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Goodbye to 2020, a terrible year for the Falcons

A terrible year in general, but not great for Atlanta.

New Orleans Saints v Atlanta Falcons Photo by Kevin C. Cox/Getty Images

Consider what 2020 brought for the Atlanta Falcons. It was a junky, janky year for most of us, but for this organization it was exactly the kind of reckoning year we weren’t supposed to have to endure.

In 2020, the Falcons:

  • Came into the season having decided that a 6-2 stretch at the end of the 2019 season was an indication of Who the Falcons Truly Were instead of a post-bye bounce that wasn’t necessarily guaranteed to translate into wins the next season. That meant the possibility of a lame duck year where the team would continue to ring up major cap charges without a lot of wins, which meant a new regime would have to get creative if they didn’t want to blow up the team in 2021. That...happened.
  • Had limited cap space and squandered it, replacing Devonta Freeman with a balky Todd Gurley, who scored a bunch early but effectively cratered as an effective runner just a third of the way through the season, even if he’s largely been a very good blocker. Whether Dante Fowler Jr. is hurt, ineffective, or both, he became the latest in a long line of free agent pass rushers who had disappointing first seasons with the team, as he’s just 6th in sacks (though second in pressures). The remaining cap space went to Tyeler Davison, who has been fine but quiet, and guys like Laquon Treadwell and LaRoy Reynolds, who have been minor season-long contributors or more significant contributors only once the season was already over.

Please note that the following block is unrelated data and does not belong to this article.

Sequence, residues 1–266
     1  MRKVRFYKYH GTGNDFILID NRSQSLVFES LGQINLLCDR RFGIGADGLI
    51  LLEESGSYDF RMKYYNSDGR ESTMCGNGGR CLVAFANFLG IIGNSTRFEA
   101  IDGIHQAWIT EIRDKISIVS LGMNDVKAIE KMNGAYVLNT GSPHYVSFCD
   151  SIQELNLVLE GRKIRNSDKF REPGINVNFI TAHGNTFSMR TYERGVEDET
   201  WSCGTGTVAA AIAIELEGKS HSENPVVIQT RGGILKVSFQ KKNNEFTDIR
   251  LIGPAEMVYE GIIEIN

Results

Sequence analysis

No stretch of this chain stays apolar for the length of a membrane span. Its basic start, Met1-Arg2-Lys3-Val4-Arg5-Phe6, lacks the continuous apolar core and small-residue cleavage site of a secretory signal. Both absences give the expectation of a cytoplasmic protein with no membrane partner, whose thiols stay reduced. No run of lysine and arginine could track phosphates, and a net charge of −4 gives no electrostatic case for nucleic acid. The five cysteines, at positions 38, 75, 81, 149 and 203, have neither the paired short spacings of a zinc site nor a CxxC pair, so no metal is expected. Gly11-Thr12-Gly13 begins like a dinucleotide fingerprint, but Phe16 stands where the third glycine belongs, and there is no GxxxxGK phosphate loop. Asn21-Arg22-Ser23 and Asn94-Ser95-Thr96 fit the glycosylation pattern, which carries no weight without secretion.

• Put together a draft class that yielded three 2020 contributors (A.J. Terrell, Mykal Walker and Sterling Hofrichter), two potential future starters (a banged up Marlon Davidson, Matt Hennessy) and a potential key reserve and special teamer (Jaylinn Hawkins). They also grabbed some interesting undrafted free agents like Chris Rowland, Tyler Hall, and Jared Pinkney, so this is actually a positive. It wasn’t all bad! Just most of it.
  • Lost their typical offseason and their ability to put fans in the seats—insert your own joke here—due to COVID-19, and have had multiple players spend stints on the COVID-19 list.
  • Suffered their third straight wildly disappointing year, which all of the above led into. The Falcons will be, at best, 5-11 after Week 17 and likely headed for a top 10 draft pick, and after last time their odds of beating the Buccaneers would seem fairly slim, even if they were killer against the Chiefs. They lost their first 5 games, the worst-cast scenario everyone was afraid of when the staff was retained after 2019, and have gone 4-6 under Raheem Morris, who has done admirable work despite roster challenges, injuries, and Dirk Koetter.

In typical Falcons fashion, their expected strength going into the year (the offense) faltered throughout much of the year just as the defense finally got on track. Atlanta pushed its chips in to the point where they have less cap space than all but like three teams, have a ton of pressing roster questions, and now have a new GM and likely new head coach on the way. Remember, this was supposed to be the year when this team proved all the haters wrong and delivered the kind of success we’ve all been waiting for, not the year things finally went off the rails to such a degree that even Arthur Blank could ignore it any longer.

I wouldn’t suggest that 2021 is going to be an easier year for any of us, much less the Falcons, but regardless of the outcome the clock hitting zero on Sunday’s game against the Bucs is going to be a welcome moment. The 2020 season was a gamble that failed badly for Atlanta, and the few bright spots along the way matter a lot more for 2021 than they do for this year. We’ll all be eager to say goodbye at midnight tonight to the year, and on Sunday afternoon to a forgettable season.